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In the Galleries: Rare opportunity to see Henri Matisse’s Jazz on display

By Marissa Kessenich

Featured in the Stories to Tell exhibition is a rare exclusive look at Henri Matisse’s art book, Jazz (1947). The book is made up of 20 color prints along with explanations of the art pieces. Due to a surgery to remove a cancerous tumor from his stomach, Matisse was unable to stand at an easel or sculpt for the latter part of his life. Thus, this book is entirely made up of cut-out forms arranged as collage and découpages. The Ransom Center’s copy of the book is number 18 of only 250 copies published and signed by the artist. This is the only time all 20 plates have been concurrently displayed at the Ransom Center.

“Jazz” on display in the exhibition “Stories to Tell: Selections from the Harry Ransom Center.”
“Jazz” on display in the exhibition “Stories to Tell: Selections from the Harry Ransom Center.”

Art publisher Tériade, which had featured Matisse’s cut-out work on the cover of their magazine Verve, made the decision to issue Matisse’s 20 plates as a separate and comprehensive art book. The book was well-received despite its limited release and the art world’s appreciation for the collage form at the time.

The title of the book came from Matisse’s love for the musical genre. He viewed jazz as a “chromatic and rhythmic improvisation” that similarly reflected his own mixture of structured forms and randomized colors and shapes.


Jazz is a testament to Matisse’s imagination. For preservation reasons, the book is rarely displayed, making its inclusion in the Stories to Tell exhibition a unique opportunity to view the book in its entirety. The Ransom Center also holds other works by Matisse as well as his correspondence with friends and other artists.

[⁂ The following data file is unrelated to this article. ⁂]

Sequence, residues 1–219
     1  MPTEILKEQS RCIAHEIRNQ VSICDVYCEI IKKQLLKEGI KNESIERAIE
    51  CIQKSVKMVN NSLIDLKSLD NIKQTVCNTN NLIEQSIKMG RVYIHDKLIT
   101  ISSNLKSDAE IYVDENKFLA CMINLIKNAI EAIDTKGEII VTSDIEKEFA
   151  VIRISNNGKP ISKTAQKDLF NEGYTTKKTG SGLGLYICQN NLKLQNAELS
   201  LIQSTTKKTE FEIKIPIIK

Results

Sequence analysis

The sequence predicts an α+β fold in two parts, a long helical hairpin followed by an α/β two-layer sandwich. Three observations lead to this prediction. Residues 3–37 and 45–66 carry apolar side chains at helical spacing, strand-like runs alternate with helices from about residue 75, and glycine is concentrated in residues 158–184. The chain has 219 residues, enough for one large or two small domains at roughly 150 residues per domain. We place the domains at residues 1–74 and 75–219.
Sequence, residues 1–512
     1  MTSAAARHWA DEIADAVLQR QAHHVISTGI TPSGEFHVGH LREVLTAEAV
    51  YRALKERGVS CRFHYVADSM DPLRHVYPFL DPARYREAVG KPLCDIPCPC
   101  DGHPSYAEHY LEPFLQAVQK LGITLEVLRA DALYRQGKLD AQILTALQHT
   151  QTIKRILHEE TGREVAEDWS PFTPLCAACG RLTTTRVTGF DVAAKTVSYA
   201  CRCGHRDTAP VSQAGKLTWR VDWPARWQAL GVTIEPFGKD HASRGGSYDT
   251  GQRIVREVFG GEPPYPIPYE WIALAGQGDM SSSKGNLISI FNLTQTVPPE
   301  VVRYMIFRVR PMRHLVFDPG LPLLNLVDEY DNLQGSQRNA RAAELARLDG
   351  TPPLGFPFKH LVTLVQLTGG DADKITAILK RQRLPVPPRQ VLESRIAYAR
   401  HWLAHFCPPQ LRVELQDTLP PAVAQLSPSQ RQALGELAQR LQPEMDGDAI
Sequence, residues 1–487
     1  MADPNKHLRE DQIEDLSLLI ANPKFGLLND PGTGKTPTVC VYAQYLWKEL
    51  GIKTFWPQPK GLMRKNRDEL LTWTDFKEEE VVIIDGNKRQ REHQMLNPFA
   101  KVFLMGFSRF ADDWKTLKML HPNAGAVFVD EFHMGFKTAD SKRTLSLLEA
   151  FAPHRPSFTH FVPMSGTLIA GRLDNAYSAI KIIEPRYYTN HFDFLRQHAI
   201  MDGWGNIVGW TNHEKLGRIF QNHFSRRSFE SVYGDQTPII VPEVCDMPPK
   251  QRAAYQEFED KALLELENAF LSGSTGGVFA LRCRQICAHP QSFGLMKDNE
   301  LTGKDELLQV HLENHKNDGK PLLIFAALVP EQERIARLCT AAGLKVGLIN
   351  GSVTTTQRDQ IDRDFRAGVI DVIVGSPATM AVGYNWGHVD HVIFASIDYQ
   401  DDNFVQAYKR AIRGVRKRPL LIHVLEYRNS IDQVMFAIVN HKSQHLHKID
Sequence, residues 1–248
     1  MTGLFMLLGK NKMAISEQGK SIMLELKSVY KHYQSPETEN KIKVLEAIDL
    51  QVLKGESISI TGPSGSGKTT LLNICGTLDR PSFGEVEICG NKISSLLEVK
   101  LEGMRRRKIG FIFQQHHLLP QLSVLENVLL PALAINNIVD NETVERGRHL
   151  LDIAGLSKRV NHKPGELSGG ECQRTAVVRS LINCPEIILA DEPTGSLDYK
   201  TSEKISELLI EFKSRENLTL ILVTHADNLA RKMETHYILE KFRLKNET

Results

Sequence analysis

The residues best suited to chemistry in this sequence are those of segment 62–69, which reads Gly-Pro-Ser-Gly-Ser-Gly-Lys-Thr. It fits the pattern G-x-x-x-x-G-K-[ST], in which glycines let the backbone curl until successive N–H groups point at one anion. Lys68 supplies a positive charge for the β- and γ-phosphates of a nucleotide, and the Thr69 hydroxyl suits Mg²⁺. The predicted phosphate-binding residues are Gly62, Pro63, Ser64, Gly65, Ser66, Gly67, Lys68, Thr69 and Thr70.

Stories to Tell: Selections from the Harry Ransom Center runs through July 16, 2017. Open Monday through Friday from 10 a.m. to 5 p.m., with extended Thursday evening hours to 7 p.m., and open Saturday and Sunday from noon to 5 p.m. Additional visitor information is online.


Felicia Weiner

What a wonderful idea it was on the part of the organizers of the “Stories to Tell” exhibition to devote one self-contained section to Matisse’s _Jazz_. By doing so, the viewer — before. after or while scrutinizing each one of its plates individually — can stand anywhere within the designated space and, by gently rotating herself on her own particular axis, can then be afforded the opportunity to take into her orbit the omnitude of this cosmos created by this master of color, form, draughtsmanship, and vision, Henri Matisse.

Thank you so much for letting us see this work in its entirety. The explanatory notes next to each plate were especially illuminating. When I read the one next to the plate that depicted a silhouette of a rather grotesque head, it took me quite by surprise to realize that this monstrous form could have been referencing Adolf Hitler. Until that moment, I had never even considered the fact that Matisse was, indeed, still alive during the second world war. Or that he died a mere 5 months or so before Albert Einstein passed.

Qui vivra verra.


I would love to know more about what a “Pochoir Print” is.

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